County discusses need for new Administrative Building

Contained in Kneehill County's Chief Administrative Officer's (CAO) report for Council's Feb. 4 meeting, was announcing the start of the process to complete the annual financial audit, hoping for the second Council meeting in April to present to Council. "After meeting with the Auditors, dates have been set to complete and present the audit findings." He felt the County was in a strong financial position with healthy reserves and good cash flows. "The 2014 budgets have been implemented and all is on track for a strong financial year." The conclusion of a committee of the whole meeting showed Council's desire to initiate some bold changes regarding its grant policies, already taking root with policy changes announced in February. While the medical building project has hit a roadblock (subject property is off the table), which could derail the future of the project and cause a complete revisiting of alternatives, discussion has been renewed for the building of a new County Administration building. The CAO was pleased with the number and quality of candidates applying for the position of 'Communications Officer', and expected to make an announcement shortly.
Revisiting Construction
of New County Office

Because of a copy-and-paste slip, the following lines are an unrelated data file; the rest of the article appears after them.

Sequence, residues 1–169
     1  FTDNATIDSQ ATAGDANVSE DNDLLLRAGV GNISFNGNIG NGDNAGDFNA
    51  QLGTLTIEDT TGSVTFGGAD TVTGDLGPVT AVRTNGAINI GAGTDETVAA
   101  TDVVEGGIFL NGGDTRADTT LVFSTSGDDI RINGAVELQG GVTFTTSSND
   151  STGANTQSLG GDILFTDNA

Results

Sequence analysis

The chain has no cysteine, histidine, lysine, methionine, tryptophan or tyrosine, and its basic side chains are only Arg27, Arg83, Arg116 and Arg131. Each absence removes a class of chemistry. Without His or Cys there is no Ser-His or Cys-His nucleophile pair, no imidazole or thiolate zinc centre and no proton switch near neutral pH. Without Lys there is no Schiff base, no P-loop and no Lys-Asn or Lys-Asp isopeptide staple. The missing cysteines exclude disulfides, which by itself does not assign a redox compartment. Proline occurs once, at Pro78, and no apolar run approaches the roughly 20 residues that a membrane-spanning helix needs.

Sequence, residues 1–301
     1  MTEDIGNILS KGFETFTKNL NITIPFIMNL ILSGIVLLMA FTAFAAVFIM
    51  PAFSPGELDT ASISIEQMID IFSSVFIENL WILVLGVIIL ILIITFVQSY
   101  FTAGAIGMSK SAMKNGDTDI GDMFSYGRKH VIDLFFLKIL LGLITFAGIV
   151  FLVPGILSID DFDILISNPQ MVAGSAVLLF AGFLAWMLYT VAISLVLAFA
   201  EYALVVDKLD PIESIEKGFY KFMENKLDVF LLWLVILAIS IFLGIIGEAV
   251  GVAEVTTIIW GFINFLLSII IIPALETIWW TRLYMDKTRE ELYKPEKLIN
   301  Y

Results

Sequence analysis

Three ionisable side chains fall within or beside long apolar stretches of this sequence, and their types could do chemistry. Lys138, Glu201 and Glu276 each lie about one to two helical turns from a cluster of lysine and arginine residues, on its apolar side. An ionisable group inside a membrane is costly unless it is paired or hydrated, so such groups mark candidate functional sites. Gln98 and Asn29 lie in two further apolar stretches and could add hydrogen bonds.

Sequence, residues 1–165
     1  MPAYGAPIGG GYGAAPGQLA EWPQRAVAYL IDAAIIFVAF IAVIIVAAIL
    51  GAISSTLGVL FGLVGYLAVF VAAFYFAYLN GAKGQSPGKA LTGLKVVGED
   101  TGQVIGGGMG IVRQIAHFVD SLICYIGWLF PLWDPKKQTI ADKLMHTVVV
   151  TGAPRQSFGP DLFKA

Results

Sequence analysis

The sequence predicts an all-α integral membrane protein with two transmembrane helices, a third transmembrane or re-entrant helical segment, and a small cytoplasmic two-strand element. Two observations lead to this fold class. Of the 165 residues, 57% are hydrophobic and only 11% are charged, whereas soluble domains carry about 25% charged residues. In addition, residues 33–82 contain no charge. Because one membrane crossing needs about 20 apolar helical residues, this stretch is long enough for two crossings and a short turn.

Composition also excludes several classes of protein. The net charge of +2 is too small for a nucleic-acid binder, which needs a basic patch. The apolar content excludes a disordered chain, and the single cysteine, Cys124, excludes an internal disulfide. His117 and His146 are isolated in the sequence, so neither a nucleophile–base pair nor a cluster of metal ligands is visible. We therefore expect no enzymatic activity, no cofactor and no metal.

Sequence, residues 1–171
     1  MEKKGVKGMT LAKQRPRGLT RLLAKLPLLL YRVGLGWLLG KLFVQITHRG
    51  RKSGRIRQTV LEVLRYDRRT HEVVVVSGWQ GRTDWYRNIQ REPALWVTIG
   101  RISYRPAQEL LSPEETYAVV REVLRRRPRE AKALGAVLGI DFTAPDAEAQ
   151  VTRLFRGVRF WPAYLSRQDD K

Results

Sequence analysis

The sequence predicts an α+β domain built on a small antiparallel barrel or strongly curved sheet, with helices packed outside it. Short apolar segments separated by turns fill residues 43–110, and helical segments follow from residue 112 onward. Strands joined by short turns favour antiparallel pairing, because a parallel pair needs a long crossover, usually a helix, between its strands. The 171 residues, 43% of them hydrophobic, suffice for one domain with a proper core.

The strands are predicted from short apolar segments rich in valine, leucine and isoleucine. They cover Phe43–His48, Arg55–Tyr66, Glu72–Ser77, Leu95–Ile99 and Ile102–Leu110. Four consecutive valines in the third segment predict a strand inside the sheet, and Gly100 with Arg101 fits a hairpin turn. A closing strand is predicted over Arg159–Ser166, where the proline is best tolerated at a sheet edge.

A few years ago, Council entertained the notion of building a new County office and dollars were set aside for the possibility of construction. Ratepayers were informed of the possibility at ratepayer meetings. Council put those plans on hold and a decision was made to wait and review the needs after the new county shop was more developed (upstairs portion). It seemed feasible there would be enough room for the County to retain the Administration building on Main Street in Three Hills. Councillors liked the idea of staying at the present location. Council then approved a plan to invest $2 million into the current County office for much needed upgrades and renovations. During this process, Administration realized that the current office will not permit any further growth or expansion. An idea to expand the current building into the parking area was entertained, which led to a discussion regarding the longevity of the current building as a County office and what the alternatives were. It is Administration's recommendation that Council entertain, once again, the construction of a new building on the lands owned by the County, next to the County maintenance shop. "The necessary expansion of the current building into the parking lot area would have an approximate cost of $4 million, closer to $5 million, not including the acquisition costs of additional lands nearby for staff and ratepayer parking. Consideration must be given to investing $4 or $5 million on a 40-year-old building, albeit one that is structurally sound." Figures for a new building on County land came out to between $6 and $7.25 million ($4.5 for building construction, $1.5 for site preparation, $500,000 for interior/electronics and $750,000 for an additional bay to the north end of the County shop for Agricultural Services). "What is our best buy going forward; $4.5 million or $6 million? I'd rather have new." Clr. Holsworth was in agreement with a new building. Clr. Calhoun was not in favor of knocking out walls (with expansion into the parking lot area), nor the necessary re-wiring and drainage issues to accommodate it all. Clr. Hoppins needed some extra convincing. "Prove to me we need the space. Today we gave our staff good things and we are giving our municipal partners a great deal, but what are we giving our ratepayers. It's the perception of it, that they want to see better roads and bridges and we're building a new administration building." The justification came down to a reminder of new positions that will be taking up space in the offices, for a communications officer and occupational safety officer. "The reality is that we have four empty offices that will be filled within the next one to two years," stated CAO Hoggan. "What we don't have and need is a meeting space. Council chambers should not be intruded on for operational meetings. The money has already been set aside. We currently have $9 million in the building fund and even after construction, there would be $2 million left in that reserve. If we spend $4 or $5 million here, we are locked in with no growth potential. The $5 million may buy us another eight years at this location, and then we would have to spend another $9 million for a building, but eight years from now, there will not likely be MRI funding possibilities, (specific to a new building). We have the funds available and this would be an investment in the future of the County." Deputy Reeve Wittstock's comment recognized another aspect to the issue, "Well, option 'C', to do nothing is in fact, no longer an option."